To start off, I should say I am not trying to do anything illegal - quite the opposite.

I am in the US and I have a decently large amount of cash - above the $10,000 reporting threshhold (approximately $20,000). I would like to put this in the bank, and as tempting as it is to deposit it a little at a time, that's basically textbook structuring, and I don't want to commit a felony just to avoid a possible unpleasant interaction with the government.

That said, I'm not sure exactly what happens when you deposit >$10,000 cash into a bank. I know that a currency transaction report is generated, and there's some possible that this will trigger an investigation (though this is a one-time thing, so I doubt they'll see any sort of pattern).

My question is: I have heard, over and over again, that you should not talk to law enforcement without a lawyer present, even when you are completely innocent. I am worried that if questioned about the source of the money, I will accidentally waive my "right to remain silent" by trying to explain the source of the money only to find I've accidentally broken some obscure financial law. Similarly, I don't want to break some law I don't know about by refusing to talk about the source of the money if questioned by a bank employee or IRS person.

My question is this: Is there some requirement that I disclose the source of a large cash deposit to a bank teller, if asked? (I'm assuming here that if I'm actually approached by a real government agent, I will need a lawyer, or at least an accountant).

And as a bonus question - how likely is it that I'll actually be seriously grilled about this, as opposed to just having the CTR go in without me knowing it?


There will be no police involved. The police do not care. Only the feds care, and they only care about large amounts (over $100,000).

What will happen is that the teller will deposit the money like nothing is unusual, but the amount will trigger a "Suspicious Transaction Report" to be filed by the bank. This information goes to the US Treasury and is then circulated by the Treasury to basically every agency in the government: the Department of Defense, the FBI, the NSA, the CIA, the DEA, the IRS, etc.

What happens next depends on your relationship with your bank and the personality of the bank.

In my case I have made large cash transactions at two different banks, one that I had a long relationship with, and another that I had a long-standing but dormant account. The long-term one was a high end savings bank in a city. The dormant one was one of those bozo retail banks (think "Citizens" or "Bank of America") in a suburb.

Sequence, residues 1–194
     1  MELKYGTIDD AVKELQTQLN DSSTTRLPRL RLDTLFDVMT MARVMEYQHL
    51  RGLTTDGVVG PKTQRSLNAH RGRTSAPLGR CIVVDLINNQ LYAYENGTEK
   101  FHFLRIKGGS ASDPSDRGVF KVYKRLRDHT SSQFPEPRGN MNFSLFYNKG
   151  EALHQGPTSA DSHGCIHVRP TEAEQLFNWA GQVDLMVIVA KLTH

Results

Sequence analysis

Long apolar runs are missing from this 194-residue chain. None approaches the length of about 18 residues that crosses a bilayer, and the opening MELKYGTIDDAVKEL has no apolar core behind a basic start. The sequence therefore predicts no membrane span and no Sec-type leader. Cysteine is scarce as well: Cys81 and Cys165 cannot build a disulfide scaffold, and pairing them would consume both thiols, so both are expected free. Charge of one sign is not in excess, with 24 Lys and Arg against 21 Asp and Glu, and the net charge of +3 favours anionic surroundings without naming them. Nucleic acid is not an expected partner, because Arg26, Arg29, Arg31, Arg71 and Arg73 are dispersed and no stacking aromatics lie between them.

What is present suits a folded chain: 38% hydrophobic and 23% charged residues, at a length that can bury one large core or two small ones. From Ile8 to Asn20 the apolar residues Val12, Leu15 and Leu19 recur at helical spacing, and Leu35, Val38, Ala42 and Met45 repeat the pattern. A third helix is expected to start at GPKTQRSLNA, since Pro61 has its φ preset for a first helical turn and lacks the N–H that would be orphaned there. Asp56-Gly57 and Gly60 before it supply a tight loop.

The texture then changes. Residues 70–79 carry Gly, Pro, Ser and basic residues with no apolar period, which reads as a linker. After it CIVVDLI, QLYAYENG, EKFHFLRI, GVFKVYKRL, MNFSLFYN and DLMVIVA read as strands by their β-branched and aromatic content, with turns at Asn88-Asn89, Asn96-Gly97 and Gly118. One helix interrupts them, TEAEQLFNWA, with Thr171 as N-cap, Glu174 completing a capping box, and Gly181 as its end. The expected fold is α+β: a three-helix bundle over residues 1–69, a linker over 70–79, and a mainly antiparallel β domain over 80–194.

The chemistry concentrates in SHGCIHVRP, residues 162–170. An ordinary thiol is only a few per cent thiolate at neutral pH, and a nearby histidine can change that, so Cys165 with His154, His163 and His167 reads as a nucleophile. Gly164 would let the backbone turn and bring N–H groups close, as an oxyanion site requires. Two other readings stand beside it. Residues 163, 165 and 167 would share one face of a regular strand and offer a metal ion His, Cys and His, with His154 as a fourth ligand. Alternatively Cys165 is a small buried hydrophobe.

The long-term bank ignored my first deposit, but after I made some more including one over $50,000 in cash they summoned me via a letter. I went in, talked to the branch manager and explained why I was making the deposits. He said "That sounds plausible." and that was the end of the interview. It is unlikely that they transferred the information. They probably just wrote it down. They did this because they have "know your customer" regulations and they wanted to be able to prove that they did "due diligence" in case anybody asked about it later.

The suburban bank never asked any questions, but they did file the STRs.

In general, there is no way to know if the bank will interview you or not. It depends on a lot of different factors. The basic factors are: how much money is it, are you doing a lot of business normally, and how well does the bank know you.

If you refuse to answer the bank's questions to their satisfaction, it is a 100% chance that they will close your account. They can also file higher level reports that flag your activity as "highly suspicious" as opposed to just the normal "suspicious".

As long as it is a bank employee, you should have no serious concerns unless the guy seems strange and asks really pointed questions. If you have any question whether the "employee" is legitimate, just verify that he/she is a bank employee.

Obviously if the feds visit you, you should say nothing. The chance of this happening is 1 in a million.

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    That is not correct. You are confusing SARs (Suspicious Activity Report) with the required report for cash transactions of 10K or more. The former are done for much smaller amounts under 10K and the bank is required to keep the fact a report is being made a secret. The latter requires that the bank gather, and the customer provide, specific information. Most money laundering prosecutions are now done via SARs and structuring violations. The CTR (>10k report) is common, disclosed to the customer. It is mandatory for cash deps or withdraws of >10K. I've done a bunch of these from Vegas trips. – doug Dec 28 '16 at 2:39

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